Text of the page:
You will not have to switch to 5G (at least not initially). The offering of 5G service will not mean the end of 4G service (just as 3G continues to survive although we have had 4G for many years. You can safely anticipate that 4G service will continue for many years to come, filling in coverage where 5G has not yet arrived. The transition to 5 G service will likely occur over the next 5-10 years. In fact, it is likely that in some rural areas, 3G service will continue as 4G has not yet made it there. If you do upgrade to 5G equipment, anticipate that it will work with 4G and 3G as well, just as 4G phones continue to work with 3G service. Likely in areas where 4G and 5G coexist the 5G phones will prefer 5G service and only use the earlier services when in a location that does not have 5G service. Do not get confused by the somewhat misleading advertising from some of the providers who have labeled their current 4G service as 5G Evolution. It is not 5G.

The other thing you will need to understand is that all 5G service will not work the same. The bandwidth available for 5G includes both lower and higher frequencies. Lower frequencies offer better range (distance) than higher frequencies, but will provide slower connections than higher frequencies. Higher frequencies trade speed and low latency for the ability to cover larger distances. Some providers may choose to use primarily higher or lower frequencies. Some providers may choose to use different frequencies for different purposes. For example, anticipate that providers may ultimately elect to use lower frequencies in rural areas where they will have fewer towers and higher frequencies in urban areas where they will have more towers.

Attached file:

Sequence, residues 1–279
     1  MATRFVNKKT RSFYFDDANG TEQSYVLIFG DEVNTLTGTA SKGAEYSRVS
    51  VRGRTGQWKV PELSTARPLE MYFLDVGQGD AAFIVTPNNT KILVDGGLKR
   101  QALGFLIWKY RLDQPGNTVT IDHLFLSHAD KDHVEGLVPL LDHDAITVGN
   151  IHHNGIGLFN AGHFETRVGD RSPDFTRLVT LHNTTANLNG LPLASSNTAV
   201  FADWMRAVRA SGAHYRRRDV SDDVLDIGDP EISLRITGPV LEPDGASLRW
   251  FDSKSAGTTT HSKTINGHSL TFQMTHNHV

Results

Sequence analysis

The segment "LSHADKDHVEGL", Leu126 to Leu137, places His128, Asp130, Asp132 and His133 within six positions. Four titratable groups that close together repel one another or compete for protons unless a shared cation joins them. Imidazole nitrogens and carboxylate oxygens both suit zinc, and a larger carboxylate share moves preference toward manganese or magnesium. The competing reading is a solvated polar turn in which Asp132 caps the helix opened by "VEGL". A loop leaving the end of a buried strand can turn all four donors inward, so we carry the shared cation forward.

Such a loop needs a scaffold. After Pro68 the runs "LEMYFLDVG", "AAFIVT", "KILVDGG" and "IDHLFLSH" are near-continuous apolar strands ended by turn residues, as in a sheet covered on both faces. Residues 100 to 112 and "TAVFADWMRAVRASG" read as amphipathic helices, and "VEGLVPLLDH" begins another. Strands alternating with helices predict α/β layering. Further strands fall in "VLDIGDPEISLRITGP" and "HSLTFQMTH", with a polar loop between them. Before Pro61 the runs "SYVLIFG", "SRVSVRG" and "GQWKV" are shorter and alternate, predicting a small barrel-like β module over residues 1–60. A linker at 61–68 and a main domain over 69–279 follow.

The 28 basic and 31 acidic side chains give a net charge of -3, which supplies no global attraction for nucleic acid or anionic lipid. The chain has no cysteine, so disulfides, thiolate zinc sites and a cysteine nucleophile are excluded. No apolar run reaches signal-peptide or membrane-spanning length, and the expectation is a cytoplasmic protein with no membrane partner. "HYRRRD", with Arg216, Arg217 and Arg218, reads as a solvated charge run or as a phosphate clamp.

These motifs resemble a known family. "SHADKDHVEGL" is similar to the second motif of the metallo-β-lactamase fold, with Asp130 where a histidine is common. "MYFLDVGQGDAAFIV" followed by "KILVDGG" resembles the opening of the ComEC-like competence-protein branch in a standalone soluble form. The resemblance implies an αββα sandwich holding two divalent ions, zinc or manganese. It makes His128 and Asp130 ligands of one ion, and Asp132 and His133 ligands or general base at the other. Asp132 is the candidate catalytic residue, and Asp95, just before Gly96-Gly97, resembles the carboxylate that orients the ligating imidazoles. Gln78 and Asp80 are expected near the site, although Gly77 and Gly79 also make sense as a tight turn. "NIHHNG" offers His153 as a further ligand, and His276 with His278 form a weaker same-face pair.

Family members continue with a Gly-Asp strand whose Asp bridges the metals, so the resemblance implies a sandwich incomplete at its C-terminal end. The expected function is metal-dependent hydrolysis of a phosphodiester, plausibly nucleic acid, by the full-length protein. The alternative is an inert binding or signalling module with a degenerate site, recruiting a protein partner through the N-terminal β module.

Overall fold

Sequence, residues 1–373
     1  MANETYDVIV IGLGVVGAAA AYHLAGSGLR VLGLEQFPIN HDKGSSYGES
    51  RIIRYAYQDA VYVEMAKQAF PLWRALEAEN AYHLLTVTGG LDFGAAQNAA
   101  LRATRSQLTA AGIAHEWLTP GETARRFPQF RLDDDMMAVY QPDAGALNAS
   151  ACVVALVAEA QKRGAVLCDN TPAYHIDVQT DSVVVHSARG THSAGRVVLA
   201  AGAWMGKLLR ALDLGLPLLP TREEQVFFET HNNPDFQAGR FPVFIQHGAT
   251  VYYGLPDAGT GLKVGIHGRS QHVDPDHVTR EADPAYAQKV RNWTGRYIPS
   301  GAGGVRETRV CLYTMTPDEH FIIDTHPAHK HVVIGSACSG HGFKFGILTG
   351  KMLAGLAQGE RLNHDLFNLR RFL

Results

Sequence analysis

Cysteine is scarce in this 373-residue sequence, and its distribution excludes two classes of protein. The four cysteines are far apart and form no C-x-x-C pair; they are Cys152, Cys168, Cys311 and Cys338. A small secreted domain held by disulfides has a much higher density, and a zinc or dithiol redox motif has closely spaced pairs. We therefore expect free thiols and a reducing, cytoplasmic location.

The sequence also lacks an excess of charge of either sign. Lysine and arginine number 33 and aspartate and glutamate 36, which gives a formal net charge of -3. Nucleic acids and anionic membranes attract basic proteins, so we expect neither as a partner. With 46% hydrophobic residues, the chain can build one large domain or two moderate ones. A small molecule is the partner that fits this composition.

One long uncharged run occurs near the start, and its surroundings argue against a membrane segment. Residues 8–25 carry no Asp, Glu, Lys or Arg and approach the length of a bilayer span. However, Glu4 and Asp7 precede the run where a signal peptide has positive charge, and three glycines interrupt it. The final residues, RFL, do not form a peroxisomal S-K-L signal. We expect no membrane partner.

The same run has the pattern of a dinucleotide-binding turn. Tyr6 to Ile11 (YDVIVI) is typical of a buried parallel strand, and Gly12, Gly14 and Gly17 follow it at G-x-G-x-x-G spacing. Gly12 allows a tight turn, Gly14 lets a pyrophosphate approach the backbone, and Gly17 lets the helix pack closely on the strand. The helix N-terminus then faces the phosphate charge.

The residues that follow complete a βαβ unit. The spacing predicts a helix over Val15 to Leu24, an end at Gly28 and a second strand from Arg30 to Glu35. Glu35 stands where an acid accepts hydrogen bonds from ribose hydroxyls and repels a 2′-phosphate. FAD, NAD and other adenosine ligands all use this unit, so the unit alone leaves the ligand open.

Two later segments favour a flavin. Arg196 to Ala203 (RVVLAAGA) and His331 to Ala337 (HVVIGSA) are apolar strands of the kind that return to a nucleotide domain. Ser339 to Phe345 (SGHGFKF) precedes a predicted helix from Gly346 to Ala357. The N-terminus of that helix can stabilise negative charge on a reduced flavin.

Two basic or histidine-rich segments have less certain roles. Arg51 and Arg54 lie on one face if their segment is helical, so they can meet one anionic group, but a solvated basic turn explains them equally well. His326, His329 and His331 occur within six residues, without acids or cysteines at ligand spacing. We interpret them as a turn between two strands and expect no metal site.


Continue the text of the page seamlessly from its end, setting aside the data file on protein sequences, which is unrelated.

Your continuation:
You should be able to continue with the same service you currently have without upgrading to 5G equipment and a 5G service plan. The service you currently have should continue pretty much as it is now and will continue to work on your 4G equipment.  If you do not get 5G equipment, you will not get 5G service (so don’t pay for it). In fact, it is possible that your 4G service will show some improvement as others move to the 5G platform relieving some of the demand currently borne by the 4G system. While your 4G service may show minor improvement, you will not get any of the new features or the advantages of 5G unless you acquire equipment built for 5G. The providers have not yet announced their service offerings or pricing for 5G. There has been talk that some providers will treat it as a premium service, at least initially, charging a higher rate for 5G service than 4G service. We will have to wait and see whether or not that comes to pass.

Do you want 5G?